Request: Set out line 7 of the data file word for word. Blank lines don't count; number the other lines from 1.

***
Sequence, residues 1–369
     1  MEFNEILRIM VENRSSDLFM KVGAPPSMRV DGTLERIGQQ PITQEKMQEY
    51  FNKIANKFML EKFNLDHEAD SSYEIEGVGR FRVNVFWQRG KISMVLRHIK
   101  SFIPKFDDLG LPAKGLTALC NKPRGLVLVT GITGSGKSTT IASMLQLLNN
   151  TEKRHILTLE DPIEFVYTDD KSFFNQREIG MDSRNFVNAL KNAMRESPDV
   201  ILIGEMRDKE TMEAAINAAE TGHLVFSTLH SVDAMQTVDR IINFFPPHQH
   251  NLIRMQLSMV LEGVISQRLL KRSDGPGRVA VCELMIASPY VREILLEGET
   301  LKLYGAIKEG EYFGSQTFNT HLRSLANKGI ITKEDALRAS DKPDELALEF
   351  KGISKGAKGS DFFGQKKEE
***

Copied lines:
   251  NLIRMQLSMV LEGVISQRLL KRSDGPGRVA VCELMIASPY VREILLEGET